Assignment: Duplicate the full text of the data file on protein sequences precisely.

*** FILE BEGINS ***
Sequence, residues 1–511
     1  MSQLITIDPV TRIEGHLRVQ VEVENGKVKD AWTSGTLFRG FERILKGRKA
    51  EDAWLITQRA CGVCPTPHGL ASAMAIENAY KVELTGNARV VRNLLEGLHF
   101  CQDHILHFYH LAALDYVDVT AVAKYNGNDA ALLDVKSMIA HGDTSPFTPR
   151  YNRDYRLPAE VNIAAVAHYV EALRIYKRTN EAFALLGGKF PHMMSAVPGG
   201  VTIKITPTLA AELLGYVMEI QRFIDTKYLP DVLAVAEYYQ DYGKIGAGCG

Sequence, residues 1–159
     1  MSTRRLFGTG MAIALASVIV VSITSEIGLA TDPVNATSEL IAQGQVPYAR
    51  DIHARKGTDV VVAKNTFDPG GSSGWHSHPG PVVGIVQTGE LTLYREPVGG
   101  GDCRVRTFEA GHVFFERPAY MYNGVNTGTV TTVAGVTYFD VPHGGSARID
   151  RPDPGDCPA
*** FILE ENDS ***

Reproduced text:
Sequence, residues 1–511
     1  MSQLITIDPV TRIEGHLRVQ VEVENGKVKD AWTSGTLFRG FERILKGRKA
    51  EDAWLITQRA CGVCPTPHGL ASAMAIENAY KVELTGNARV VRNLLEGLHF
   101  CQDHILHFYH LAALDYVDVT AVAKYNGNDA ALLDVKSMIA HGDTSPFTPR
   151  YNRDYRLPAE VNIAAVAHYV EALRIYKRTN EAFALLGGKF PHMMSAVPGG
   201  VTIKITPTLA AELLGYVMEI QRFIDTKYLP DVLAVAEYYQ DYGKIGAGCG

Sequence, residues 1–159
     1  MSTRRLFGTG MAIALASVIV VSITSEIGLA TDPVNATSEL IAQGQVPYAR
    51  DIHARKGTDV VVAKNTFDPG GSSGWHSHPG PVVGIVQTGE LTLYREPVGG
   101  GDCRVRTFEA GHVFFERPAY MYNGVNTGTV TTVAGVTYFD VPHGGSARID
   151  RPDPGDCPA